Piloting their prototype solar car Esteban 9, the Polytechnique student technical society team won the race on the American Solar Challenge closed course for the second year running, also setting a record and taking home the Teamwork Award.
The Esteban Project technical society delegation with the Esteban 9 prototype, at the 2019 Formula Sun Grand Prix competition in Texas. (Photo: Esteban Project)
At the competition, presented by the Innovators Educational Foundation from July 1 to 6, 2019, Esteban 9 completed 230 laps of the Circuit of The Americas racetrack in Austin, Texas, over three days, covering a total cumulative distance of 788 miles, or 1,268 kilometres.
The Polytechnique technical society finished ahead of a team from Principia College in Illinois, with 195 laps completed, and another from the University of Kentucky, with 153 laps completed. Ten teams out of the 12 originally registered took part in the Single-Occupant Vehicle category of the competition.
With this performance, the Esteban Project also set a new Formula Sun Grand Prix course record for total laps on the Circuit of The Americas track. The previous standard of 228 laps had been established in 2017.
“It was a fun experience and all the team members really enjoyed it,” says Philippe Turcotte, director of the Esteban Project and an undergraduate student in electrical engineering. “We had a good vehicle and we knew what we were capable of. That said, it took a lot of focus on our part to stay on course right till the end, avoid any mechanical failures, and come out on top. We’re really stoked; we couldn’t have hoped for a better result!”
A pole-to-pole victory
The Esteban Project performed strongly right from the start, becoming the first team entered to complete all of the steps in the inspection process, which is the qualifying stage of the Formula Sun Grand Prix. That result ensured that the technical society would start the endurance race from the pole position, slightly ahead of the other entrants.
“Our goal was to finish first in qualifying so we’d be first off the starting grid,” Mr. Turcotte explains. “There’s a steep slope at the start of the course, which a lot of teams have trouble climbing, and we knew we were able to get up it. That gave us a good lead, because we didn’t get stuck going up the slope. We started piling up the laps, and we never relinquished our lead for the rest of the race.”
At the end of the first day of competition, July 4, the Esteban Project was at the top of the leaderboard with 81 laps completed in 8 hours, 5 minutes, and 29 seconds, for a total distance covered of 277.8 miles (mi), or 447.07 kilometres (km), at an average speed of 34.36 miles per hour (mph), or 55.3 kilometres per hour (km/h).
The next day, the Polytechnique team held on to first place, completing 79 laps in 8 h 6 min, the highest total of the day, for a total distance of 271.02 mi (436.16 km) at an average speed of 33.47 mph (53.86 km/h).
On the third and final day of the competition, Esteban 9 finished atop the daily leaderboard (and the cumulative rankings), having completed 73 laps in 8 h 13 min 55 sec, for a total distance of 250.44 mi (403.04 km) at an average speed of 31.77 mph (51.13 km/h).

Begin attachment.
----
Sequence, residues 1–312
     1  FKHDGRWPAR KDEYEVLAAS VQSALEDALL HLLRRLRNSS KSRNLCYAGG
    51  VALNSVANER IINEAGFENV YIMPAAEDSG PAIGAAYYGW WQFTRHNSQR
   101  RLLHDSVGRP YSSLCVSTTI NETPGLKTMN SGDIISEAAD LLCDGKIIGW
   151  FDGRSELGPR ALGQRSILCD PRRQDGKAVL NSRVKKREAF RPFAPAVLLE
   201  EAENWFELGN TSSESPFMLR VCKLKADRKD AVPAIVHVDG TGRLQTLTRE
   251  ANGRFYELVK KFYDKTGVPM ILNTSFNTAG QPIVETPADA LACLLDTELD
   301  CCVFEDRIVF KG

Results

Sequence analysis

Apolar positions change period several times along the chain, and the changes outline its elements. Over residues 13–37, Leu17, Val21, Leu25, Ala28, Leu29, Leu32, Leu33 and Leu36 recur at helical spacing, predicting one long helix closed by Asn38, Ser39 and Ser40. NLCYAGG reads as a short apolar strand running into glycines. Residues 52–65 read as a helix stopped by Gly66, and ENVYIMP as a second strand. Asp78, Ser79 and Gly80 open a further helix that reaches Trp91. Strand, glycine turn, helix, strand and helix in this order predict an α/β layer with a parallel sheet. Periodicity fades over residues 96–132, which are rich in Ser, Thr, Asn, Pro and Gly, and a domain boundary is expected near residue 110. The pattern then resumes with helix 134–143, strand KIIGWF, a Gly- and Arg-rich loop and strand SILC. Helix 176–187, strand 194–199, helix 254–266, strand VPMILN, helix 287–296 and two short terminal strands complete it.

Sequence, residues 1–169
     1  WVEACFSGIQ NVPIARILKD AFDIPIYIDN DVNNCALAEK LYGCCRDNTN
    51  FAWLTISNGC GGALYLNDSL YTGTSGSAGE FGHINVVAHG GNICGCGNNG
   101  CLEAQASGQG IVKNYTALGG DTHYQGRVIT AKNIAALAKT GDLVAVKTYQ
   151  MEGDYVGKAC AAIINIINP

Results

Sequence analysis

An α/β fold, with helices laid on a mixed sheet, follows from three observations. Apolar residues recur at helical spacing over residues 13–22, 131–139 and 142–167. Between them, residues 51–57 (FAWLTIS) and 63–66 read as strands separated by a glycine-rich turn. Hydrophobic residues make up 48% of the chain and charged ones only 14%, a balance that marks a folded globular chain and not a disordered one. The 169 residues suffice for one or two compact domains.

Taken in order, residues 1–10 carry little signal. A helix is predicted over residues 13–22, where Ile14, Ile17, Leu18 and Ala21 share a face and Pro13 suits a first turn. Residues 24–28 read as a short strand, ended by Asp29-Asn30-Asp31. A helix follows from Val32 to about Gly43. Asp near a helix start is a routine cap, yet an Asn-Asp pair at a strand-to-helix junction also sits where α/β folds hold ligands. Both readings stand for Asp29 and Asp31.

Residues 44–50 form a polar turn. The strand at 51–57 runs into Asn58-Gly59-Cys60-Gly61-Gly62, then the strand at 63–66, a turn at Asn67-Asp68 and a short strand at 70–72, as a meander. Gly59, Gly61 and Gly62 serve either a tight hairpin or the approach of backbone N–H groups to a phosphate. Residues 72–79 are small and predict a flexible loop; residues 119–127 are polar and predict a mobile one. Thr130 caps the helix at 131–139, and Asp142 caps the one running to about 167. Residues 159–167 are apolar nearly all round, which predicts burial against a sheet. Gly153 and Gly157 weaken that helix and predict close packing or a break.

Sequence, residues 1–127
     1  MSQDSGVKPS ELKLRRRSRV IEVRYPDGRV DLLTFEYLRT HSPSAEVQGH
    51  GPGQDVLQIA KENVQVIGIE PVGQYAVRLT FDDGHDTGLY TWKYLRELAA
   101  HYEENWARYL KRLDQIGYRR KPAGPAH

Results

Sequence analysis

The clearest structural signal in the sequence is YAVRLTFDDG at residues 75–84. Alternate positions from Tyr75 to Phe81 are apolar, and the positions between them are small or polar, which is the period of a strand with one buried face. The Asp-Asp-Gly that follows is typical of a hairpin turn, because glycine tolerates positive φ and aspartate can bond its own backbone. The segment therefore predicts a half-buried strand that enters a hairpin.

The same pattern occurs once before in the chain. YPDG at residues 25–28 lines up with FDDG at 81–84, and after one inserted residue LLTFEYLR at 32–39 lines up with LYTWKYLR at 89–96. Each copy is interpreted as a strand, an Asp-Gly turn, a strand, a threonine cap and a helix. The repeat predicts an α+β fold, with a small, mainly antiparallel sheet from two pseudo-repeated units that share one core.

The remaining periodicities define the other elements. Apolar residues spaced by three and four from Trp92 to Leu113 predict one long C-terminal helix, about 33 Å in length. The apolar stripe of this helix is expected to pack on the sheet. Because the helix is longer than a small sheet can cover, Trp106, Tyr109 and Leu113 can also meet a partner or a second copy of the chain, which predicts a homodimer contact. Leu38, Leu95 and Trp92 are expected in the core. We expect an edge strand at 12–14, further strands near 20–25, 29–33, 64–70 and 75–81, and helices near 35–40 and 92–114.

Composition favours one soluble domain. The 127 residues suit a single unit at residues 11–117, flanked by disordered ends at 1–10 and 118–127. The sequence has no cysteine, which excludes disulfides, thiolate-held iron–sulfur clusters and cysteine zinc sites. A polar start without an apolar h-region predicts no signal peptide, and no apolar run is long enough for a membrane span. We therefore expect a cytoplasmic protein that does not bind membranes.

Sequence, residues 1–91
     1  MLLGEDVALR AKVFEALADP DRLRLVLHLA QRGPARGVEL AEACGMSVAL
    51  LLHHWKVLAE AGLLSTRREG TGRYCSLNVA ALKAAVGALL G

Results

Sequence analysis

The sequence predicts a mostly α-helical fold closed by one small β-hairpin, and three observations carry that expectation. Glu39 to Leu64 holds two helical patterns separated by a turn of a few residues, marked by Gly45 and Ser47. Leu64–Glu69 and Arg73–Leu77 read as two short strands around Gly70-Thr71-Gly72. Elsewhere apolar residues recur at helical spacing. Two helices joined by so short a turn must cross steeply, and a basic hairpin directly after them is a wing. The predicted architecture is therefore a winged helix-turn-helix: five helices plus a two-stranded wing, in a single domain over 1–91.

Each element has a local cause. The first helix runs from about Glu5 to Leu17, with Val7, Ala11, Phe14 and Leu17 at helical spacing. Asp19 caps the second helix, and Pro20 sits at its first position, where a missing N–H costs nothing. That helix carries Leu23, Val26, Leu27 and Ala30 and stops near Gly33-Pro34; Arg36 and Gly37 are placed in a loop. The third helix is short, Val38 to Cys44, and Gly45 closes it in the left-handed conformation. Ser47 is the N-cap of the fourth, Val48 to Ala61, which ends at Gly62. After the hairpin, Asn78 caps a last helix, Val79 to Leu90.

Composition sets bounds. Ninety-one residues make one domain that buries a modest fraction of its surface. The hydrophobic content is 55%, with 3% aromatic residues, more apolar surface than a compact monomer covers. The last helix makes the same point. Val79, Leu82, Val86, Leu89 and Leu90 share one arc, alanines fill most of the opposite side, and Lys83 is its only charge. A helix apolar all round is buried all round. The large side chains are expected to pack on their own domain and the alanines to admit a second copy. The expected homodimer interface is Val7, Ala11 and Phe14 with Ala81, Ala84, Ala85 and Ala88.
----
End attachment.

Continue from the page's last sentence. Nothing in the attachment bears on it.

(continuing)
This marked the Esteban Project’s second win in as many years in the Single-Occupant Vehicle category at the annual Formula Sun Grand Prix. In 2018, the technical society had finished first overall on the Motorsports Park Hastings course in Hastings, Nebraska (where the closed-course race takes place every other year, alternating with the Circuit of The Americas), after its Esteban 9 prototype completed 403 laps. In so doing, the Esteban Project had qualified for the American Solar Challenge competition, a rally across four U.S. states. The Polytechnique delegation finished fourth in that race and took home engineering awards at the competition, which is held every two years.
“We used the same vehicle as in last year’s competitions, with a few minor tweaks, because a prototype is built to last over two years of competition. There was no wear and tear and it was just as reliable as on its first day of racing,” Mr. Turcotte notes. “Esteban 9 is going into retirement on a high note! The vehicle was designed for on-track competitions, so we’re proud to have won the events where we were aiming for a win.”
The Esteban Project also received the Teamwork Award from the 2019 Formula Sun Grand Prix competition organizers.
“This award is presented to the group that shows the best team spirit, that’s the most well organized, and that shows cohesion. It’s nice to have, as we weren’t expecting to win it this year,” Mr. Turcotte says.
“It’s true that we put a lot of work in to make sure the entire team felt supported and the members had fun being part of the event: you could see the chemistry was right, the tasks were well distributed, and everyone was in sync. We showed great sportsmanship; it was great to see!” he concludes, noting that the techical society members represent nearly every field of engineering.
With the 2019 competition season now over, the Esteban Project team will soon begin the process of designing and manufacturing its next prototype solar vehicle, Esteban 10, to be unveiled in April 2020.
Kudos to all the members of the Esteban Project!
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